If you feel a tug towards gathering with a smaller group of fellow Dunstanites, but don’t see something here that feels like the right fit – or even have an interest in convening your own group – let Rev. Miranda know!

If you are interested in any of these opportunities, talk to Rev. Miranda, call the office at 608-238-2781, or use the Contact Us form on this site.


Contemplative Prayer Group: Jamie S.  would like to convene a small group that will meet on Wednesday evenings (7:30 – 8:45) three times a month to explore and practice different approaches to contemplative prayer together. This group will get started in October. It will gather online at first, with the option to move to in-person when circumstances permit.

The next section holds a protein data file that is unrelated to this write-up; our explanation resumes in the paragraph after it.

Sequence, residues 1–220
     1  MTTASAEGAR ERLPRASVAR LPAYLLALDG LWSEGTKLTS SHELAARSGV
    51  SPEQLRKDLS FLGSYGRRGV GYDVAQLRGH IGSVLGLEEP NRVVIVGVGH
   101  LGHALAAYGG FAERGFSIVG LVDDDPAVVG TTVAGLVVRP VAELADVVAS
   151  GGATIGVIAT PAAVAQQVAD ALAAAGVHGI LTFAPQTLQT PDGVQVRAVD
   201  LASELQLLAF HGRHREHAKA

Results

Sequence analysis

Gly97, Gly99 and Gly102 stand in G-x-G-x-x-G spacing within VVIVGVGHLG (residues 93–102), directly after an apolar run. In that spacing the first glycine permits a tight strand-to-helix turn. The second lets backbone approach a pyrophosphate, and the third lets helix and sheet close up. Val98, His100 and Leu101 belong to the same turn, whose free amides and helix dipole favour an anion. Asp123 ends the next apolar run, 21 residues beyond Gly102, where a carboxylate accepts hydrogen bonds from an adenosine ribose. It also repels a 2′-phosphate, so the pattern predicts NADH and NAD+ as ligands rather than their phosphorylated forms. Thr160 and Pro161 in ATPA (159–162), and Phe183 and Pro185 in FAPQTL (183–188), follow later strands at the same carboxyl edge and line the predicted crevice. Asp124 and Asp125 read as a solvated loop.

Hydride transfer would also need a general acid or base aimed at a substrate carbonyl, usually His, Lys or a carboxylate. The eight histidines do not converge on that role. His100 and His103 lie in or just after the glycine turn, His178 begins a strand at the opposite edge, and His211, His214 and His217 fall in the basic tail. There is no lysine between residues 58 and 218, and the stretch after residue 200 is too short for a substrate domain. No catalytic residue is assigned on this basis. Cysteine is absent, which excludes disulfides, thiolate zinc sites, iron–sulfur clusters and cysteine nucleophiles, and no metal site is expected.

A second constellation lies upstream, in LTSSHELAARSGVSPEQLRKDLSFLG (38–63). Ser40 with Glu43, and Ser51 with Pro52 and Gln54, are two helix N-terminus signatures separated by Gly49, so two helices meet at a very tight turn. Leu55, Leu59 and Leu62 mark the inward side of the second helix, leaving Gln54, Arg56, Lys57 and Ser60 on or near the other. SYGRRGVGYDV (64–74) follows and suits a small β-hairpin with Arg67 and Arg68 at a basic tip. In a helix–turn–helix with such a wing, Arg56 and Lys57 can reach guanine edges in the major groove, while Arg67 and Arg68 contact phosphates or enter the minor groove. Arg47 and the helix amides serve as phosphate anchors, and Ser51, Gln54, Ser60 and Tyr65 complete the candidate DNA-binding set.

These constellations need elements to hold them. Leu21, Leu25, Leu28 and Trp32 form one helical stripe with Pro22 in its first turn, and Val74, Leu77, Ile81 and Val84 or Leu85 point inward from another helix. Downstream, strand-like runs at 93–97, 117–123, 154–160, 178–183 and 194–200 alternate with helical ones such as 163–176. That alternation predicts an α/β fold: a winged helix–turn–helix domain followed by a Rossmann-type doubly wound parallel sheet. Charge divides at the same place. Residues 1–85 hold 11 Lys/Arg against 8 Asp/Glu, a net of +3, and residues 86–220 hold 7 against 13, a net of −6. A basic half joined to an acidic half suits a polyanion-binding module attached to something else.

Weekly Fellowship Group: Marian and Chris B. will also be convening a small group to meet on Thursdays at 7pm, for regular conversation and shared prayer.

Bereavement Group: Grieving the loss of a loved one is the most difficult and painful of life’s experiences.  Maybe your grief is recent, or perhaps a long-ago grief still often comes to mind. Join a circle of companions who are going through similar experiences. Healing often begins when people are able to share their grief stories, their struggles, their questions, and what is helping them come to terms with their situation. The group will be facilitated by Gloria Alt, spiritual guide and Certified Bereavement Companion through the Grief Training Center of Wisconsin. We will meet over Zoom Thursday evenings from 6:30-8, or Saturday mornings from 9-10:30.  The groups will meet for 6 weeks beginning September 23/25.